Appeals & Response Plans
Maps & Infographics
Headlines (last 30 days)
- DFID: More than five million Afghans will receive emergency life-saving UK aid. 17 Jun 2019
- UNICEF: Afghanistan sees three-fold increase in attacks on schools in one year – UNICEF. 28 May 2019
Most read reports
- IOM: Returns to Afghanistan in 2018: Joint IOM-UNHCR Summary Report [EN/Dari/Pashto]. 25 Jun 2019
- IOM: Return of Undocumented Afghans - Weekly Situation Report (16-22 June 2019). 25 Jun 2019
- OCHA: Afghanistan: Integrated Drought Response, May 2019. 24 Jun 2019
- DFID: Helpdesk Report: K4D - Agriculture in Afghanistan – economic sustainability and subsector viability. 24 Jun 2019
- UN GA: The situation in Afghanistan and its implications for international peace and security - Report of the Secretary General (A/73/902–S/2019/493). 18 Jun 2019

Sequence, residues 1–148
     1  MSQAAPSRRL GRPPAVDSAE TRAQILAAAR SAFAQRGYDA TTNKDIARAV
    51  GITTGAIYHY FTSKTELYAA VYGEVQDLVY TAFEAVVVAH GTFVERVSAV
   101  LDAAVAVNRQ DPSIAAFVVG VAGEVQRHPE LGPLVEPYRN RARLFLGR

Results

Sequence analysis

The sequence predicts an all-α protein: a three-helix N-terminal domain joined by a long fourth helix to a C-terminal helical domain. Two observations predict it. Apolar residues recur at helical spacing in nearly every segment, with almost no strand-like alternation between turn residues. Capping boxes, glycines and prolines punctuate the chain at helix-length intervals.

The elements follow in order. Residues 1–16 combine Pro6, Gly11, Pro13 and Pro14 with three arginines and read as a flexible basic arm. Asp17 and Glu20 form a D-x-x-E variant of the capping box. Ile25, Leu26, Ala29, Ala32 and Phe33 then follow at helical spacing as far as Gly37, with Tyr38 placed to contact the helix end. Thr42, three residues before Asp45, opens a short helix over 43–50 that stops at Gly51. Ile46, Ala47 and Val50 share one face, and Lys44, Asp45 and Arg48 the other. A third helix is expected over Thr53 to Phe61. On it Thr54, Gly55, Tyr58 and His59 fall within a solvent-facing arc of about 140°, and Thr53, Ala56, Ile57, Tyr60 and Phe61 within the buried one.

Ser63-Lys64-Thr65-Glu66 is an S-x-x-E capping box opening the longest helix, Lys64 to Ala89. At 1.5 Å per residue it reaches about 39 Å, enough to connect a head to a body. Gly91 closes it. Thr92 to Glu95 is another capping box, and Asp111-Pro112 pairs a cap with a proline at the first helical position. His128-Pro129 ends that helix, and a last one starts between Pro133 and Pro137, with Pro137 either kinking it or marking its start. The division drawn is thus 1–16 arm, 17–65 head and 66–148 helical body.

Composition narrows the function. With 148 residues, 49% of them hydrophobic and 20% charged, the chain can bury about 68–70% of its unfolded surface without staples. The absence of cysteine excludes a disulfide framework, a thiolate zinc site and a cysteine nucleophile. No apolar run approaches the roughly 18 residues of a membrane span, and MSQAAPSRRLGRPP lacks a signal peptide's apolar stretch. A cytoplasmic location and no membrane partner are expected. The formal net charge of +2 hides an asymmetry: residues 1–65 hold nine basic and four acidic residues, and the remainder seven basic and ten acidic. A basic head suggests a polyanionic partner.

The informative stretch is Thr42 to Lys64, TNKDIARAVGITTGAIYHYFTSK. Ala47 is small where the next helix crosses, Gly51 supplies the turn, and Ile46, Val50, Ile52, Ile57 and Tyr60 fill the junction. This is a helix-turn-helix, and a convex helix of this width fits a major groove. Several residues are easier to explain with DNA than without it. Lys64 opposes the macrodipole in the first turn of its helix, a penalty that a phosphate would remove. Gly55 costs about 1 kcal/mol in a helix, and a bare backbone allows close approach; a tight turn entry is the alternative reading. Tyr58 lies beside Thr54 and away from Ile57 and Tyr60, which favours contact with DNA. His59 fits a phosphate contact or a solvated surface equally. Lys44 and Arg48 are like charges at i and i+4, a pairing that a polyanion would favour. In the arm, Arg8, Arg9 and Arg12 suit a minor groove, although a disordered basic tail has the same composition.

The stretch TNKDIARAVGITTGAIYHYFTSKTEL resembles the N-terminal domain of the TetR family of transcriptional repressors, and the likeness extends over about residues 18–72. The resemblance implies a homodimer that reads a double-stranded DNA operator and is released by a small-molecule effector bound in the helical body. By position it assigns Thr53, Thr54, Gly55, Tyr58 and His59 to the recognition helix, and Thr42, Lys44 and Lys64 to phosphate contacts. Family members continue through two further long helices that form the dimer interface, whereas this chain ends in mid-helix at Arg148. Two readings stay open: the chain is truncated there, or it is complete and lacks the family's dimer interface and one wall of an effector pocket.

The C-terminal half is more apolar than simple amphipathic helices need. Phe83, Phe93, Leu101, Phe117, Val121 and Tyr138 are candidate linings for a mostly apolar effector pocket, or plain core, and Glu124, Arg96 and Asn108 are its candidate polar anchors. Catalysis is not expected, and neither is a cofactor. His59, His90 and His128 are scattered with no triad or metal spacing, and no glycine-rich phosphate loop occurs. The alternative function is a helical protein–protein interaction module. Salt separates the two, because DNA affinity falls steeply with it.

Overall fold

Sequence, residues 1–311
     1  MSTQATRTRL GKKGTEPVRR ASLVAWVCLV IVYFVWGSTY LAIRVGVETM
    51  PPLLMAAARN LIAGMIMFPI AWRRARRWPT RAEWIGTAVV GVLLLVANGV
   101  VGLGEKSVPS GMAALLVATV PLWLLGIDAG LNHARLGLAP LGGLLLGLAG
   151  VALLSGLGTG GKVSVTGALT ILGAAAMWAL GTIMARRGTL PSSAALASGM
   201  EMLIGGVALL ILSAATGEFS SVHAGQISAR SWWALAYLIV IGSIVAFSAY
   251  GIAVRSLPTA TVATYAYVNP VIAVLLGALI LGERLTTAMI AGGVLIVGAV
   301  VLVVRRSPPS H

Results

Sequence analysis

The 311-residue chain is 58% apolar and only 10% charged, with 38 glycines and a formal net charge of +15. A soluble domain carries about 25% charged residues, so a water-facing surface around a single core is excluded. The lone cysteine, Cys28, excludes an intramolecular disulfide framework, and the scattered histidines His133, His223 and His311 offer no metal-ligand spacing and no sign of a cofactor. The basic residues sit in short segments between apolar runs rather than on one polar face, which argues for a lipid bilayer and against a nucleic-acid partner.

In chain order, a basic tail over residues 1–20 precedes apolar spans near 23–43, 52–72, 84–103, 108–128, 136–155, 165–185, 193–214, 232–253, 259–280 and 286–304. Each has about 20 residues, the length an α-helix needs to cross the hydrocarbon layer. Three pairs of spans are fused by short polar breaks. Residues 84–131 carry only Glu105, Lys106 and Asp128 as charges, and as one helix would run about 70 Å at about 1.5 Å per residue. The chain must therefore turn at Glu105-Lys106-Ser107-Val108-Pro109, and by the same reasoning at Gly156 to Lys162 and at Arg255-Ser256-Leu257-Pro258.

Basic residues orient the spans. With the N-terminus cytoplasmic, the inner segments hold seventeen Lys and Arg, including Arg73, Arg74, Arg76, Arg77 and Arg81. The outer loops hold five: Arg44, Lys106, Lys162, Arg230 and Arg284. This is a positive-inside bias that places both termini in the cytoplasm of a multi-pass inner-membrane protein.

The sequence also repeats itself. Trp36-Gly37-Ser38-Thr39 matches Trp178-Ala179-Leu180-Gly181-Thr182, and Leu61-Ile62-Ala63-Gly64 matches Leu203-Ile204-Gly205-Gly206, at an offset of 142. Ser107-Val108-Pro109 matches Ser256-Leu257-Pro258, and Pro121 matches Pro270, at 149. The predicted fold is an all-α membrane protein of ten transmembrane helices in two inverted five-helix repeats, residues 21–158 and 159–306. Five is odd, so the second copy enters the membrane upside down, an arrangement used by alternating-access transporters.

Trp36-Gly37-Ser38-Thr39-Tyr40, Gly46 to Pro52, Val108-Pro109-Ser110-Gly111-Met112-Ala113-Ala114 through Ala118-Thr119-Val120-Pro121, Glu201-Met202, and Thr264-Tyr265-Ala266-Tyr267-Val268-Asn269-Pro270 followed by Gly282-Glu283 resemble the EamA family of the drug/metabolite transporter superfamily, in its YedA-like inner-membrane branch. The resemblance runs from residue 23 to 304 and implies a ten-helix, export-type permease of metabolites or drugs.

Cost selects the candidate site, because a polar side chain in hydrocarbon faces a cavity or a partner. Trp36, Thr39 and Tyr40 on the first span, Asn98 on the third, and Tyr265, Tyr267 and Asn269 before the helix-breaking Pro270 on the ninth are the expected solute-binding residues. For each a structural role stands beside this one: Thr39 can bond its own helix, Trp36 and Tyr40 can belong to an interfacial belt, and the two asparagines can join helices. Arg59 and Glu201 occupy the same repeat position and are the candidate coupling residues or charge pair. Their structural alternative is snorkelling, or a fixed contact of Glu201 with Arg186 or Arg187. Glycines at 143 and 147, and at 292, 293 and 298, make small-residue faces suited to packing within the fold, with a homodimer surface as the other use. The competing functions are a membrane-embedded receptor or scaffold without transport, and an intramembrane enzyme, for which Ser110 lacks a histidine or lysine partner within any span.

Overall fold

Afghanistan has come out of a decades-long intermittent period of armed conflict which has severely limited the capacity and the ability of the state to provide services to meet even the most basic needs of the population. With an average per capita GDP of less than US $200 Afghanistan was in 2001 one of the poorest countries in the world, with its formal institutions and infrastructure virtually destroyed.
Since the fall of the Taliban in 2001, the people of Afghanistan have had high expectations about gaining access to improved social services. However, despite high levels of foreign assistance, the government's capacity to deliver these services remains very limited. This has led to some innovations in service delivery models, often using private and non-governmental agents (e.g., in health and through NSP). Five years on, this is now a good time to assess the effectiveness of these different models, to see whether they could be extended into other areas (e.g.